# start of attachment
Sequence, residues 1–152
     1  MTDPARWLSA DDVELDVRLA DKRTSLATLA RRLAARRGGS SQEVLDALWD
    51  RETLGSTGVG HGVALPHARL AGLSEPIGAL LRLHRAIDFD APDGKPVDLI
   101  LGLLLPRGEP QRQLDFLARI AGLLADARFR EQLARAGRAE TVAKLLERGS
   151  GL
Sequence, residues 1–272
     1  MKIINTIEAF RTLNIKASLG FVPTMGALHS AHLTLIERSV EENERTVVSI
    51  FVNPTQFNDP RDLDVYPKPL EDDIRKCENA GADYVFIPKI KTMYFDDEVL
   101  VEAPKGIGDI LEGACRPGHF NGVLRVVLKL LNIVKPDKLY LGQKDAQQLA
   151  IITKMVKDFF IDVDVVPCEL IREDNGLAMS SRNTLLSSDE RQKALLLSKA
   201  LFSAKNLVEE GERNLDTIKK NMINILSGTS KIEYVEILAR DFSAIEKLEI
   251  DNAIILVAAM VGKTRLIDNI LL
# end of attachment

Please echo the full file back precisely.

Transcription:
Sequence, residues 1–152
     1  MTDPARWLSA DDVELDVRLA DKRTSLATLA RRLAARRGGS SQEVLDALWD
    51  RETLGSTGVG HGVALPHARL AGLSEPIGAL LRLHRAIDFD APDGKPVDLI
   101  LGLLLPRGEP QRQLDFLARI AGLLADARFR EQLARAGRAE TVAKLLERGS
   151  GL
Sequence, residues 1–272
     1  MKIINTIEAF RTLNIKASLG FVPTMGALHS AHLTLIERSV EENERTVVSI
    51  FVNPTQFNDP RDLDVYPKPL EDDIRKCENA GADYVFIPKI KTMYFDDEVL
   101  VEAPKGIGDI LEGACRPGHF NGVLRVVLKL LNIVKPDKLY LGQKDAQQLA
   151  IITKMVKDFF IDVDVVPCEL IREDNGLAMS SRNTLLSSDE RQKALLLSKA
   201  LFSAKNLVEE GERNLDTIKK NMINILSGTS KIEYVEILAR DFSAIEKLEI
   251  DNAIILVAAM VGKTRLIDNI LL